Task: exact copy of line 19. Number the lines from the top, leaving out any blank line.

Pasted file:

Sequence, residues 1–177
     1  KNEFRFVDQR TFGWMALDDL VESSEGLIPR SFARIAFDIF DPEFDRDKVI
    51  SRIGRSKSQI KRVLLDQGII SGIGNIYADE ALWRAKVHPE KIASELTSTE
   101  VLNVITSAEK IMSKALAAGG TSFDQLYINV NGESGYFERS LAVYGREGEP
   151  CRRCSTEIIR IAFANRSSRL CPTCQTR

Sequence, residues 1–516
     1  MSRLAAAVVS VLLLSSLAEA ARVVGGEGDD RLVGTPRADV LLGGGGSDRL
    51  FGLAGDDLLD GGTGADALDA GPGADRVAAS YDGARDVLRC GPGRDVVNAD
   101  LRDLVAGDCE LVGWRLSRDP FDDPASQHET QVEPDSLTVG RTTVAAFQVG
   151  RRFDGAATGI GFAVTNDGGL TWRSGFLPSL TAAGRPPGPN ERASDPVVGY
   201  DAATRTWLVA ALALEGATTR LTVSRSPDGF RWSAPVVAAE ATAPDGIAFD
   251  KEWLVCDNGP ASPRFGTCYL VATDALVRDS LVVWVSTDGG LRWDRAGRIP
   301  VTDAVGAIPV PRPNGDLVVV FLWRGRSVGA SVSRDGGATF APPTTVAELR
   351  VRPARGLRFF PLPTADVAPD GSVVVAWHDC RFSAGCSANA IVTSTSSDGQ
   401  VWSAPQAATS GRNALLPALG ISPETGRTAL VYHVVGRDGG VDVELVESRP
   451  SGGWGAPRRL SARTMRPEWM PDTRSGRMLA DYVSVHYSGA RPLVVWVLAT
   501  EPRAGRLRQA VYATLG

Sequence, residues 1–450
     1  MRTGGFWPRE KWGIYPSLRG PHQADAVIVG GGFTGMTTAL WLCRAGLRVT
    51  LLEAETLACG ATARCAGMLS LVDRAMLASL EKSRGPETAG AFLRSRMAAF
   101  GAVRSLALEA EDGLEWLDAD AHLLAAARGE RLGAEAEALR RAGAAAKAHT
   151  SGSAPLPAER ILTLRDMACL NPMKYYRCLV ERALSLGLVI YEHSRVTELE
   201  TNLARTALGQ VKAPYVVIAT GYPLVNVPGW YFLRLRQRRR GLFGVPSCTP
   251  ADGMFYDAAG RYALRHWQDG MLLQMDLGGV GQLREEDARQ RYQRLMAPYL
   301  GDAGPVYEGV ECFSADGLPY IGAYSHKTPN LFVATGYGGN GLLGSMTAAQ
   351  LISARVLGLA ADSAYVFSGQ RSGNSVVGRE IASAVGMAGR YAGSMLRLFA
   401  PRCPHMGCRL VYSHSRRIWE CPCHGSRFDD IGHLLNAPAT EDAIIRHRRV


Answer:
     1  MRTGGFWPRE KWGIYPSLRG PHQADAVIVG GGFTGMTTAL WLCRAGLRVT